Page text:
How long will peace continue now we’ve started to ease the lockdown and we are getting back to work. Ok some of us have worked at home through out the lockdown and some have been going to work in our factories and shops but many of our work operations have been suspended and are just starting to open up again. How many of us, as suppliers or purchasers, will be reaching to the top shelf and dusting off the contracts to see what their position is regarding extra costs, extension of time or just cancelling the order that isn’t needed any more.
The Government, alongside its furlough scheme and other financial support measures, has also been encouraging contracting parties to think before launching into a ‘not my fault v it’s your responsibility’ battle. In May the Cabinet Office issued ‘Guidance on responsible contractual behaviour in the performance and enforcement of contracts impacted by the Covid-19’. It sets out 15 instances where they considered companies should show responsible and fair behaviour. I doubt that anyone would disagree with any of the points until ………..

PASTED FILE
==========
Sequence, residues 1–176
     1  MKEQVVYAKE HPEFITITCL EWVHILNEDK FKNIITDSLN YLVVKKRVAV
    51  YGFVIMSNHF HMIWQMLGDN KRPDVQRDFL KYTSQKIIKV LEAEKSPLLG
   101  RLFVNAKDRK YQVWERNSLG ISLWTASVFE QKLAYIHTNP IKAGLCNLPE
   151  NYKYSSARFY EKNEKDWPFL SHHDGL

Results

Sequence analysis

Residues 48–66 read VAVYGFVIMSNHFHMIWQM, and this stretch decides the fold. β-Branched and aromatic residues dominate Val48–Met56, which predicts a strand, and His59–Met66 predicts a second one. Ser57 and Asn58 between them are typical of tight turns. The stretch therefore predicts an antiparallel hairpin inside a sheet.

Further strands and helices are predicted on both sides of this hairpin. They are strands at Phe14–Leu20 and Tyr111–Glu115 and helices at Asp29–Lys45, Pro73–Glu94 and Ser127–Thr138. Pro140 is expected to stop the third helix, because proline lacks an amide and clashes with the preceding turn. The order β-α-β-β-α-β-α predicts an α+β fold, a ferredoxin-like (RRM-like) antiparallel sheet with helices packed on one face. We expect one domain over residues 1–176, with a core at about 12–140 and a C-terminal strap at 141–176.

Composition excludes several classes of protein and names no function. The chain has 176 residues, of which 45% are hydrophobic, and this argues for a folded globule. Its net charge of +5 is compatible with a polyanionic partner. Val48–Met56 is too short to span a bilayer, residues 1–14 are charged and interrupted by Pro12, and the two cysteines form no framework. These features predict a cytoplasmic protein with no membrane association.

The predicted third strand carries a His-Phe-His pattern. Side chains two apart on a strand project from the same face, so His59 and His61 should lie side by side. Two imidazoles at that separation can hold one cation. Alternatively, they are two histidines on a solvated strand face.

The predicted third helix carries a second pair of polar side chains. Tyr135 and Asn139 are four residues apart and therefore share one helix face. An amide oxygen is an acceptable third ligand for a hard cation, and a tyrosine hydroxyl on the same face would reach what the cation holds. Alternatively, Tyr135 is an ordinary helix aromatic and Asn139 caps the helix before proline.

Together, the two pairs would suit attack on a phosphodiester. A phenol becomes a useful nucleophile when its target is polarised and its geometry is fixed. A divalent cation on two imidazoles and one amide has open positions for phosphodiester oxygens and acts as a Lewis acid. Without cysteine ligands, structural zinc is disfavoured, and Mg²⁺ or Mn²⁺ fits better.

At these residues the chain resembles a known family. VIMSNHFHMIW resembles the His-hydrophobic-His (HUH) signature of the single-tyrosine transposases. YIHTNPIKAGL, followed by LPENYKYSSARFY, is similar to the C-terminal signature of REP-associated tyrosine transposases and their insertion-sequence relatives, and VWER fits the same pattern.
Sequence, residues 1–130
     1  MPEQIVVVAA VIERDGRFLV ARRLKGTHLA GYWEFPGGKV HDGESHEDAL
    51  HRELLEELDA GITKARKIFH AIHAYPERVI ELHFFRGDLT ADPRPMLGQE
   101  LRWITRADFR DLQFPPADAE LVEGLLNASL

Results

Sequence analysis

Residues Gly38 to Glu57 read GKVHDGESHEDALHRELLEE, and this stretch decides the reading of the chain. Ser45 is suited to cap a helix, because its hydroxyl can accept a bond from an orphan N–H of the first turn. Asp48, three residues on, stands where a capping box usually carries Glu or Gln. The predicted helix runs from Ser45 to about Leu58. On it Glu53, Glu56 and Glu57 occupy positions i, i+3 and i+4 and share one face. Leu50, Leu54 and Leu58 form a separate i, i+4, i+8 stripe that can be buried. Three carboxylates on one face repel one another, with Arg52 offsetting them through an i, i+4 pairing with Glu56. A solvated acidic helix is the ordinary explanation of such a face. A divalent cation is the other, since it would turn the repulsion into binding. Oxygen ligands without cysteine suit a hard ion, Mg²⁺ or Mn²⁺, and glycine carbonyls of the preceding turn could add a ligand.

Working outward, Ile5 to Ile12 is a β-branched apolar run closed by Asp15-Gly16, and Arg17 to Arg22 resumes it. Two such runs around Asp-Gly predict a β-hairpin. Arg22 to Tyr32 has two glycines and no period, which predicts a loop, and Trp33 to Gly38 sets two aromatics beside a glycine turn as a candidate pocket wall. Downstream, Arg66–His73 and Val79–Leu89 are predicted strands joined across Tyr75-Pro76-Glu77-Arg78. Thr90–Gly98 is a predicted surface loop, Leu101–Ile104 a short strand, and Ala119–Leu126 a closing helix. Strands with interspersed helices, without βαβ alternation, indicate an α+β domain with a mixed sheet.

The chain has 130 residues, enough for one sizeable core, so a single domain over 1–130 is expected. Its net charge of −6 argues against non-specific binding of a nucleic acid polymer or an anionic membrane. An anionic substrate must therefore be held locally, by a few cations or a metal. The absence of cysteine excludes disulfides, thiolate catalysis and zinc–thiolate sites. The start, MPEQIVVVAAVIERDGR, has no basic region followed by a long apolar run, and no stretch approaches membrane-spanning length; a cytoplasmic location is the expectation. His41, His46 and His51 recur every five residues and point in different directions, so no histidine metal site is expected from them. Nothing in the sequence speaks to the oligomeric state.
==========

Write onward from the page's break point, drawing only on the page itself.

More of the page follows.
The problem is, once a company is staring down the barrel of a major financial hit that could result in the company closing down, they will start to fight hard and the governments hoped for even handed negotiation soon turns into a writ. One of the difficulties with a direct negotiation is it can be impossible for the personalities at the coal face of the contract to detach themselves enough to be open minded to a result which sees both parties carrying some of the burden for the problem. It is then when an independent dispute resolver could be brought in to sort out the differences and get the contract rolling again. A trained mediator can work with both parties at short notice and with little extra cost compared to the alternative of throwing writs about, engaging solicitors, barristers and then the court to reach a financial conclusion but not one that gets the contract done.
NDR can provide disputing parties with experienced dispute resolvers.